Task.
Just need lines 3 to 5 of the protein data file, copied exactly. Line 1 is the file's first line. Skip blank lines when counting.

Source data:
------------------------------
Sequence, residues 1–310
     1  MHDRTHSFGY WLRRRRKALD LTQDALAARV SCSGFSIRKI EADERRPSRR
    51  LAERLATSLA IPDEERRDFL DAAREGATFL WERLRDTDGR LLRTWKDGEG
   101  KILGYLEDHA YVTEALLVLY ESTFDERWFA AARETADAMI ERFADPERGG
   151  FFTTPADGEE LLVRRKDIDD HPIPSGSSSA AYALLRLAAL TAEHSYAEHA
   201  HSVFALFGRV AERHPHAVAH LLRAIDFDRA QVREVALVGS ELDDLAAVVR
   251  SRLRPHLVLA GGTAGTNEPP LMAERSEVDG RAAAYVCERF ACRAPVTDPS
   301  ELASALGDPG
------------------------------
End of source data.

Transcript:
    51  LAERLATSLA IPDEERRDFL DAAREGATFL WERLRDTDGR LLRTWKDGEG
   101  KILGYLEDHA YVTEALLVLY ESTFDERWFA AARETADAMI ERFADPERGG
   151  FFTTPADGEE LLVRRKDIDD HPIPSGSSSA AYALLRLAAL TAEHSYAEHA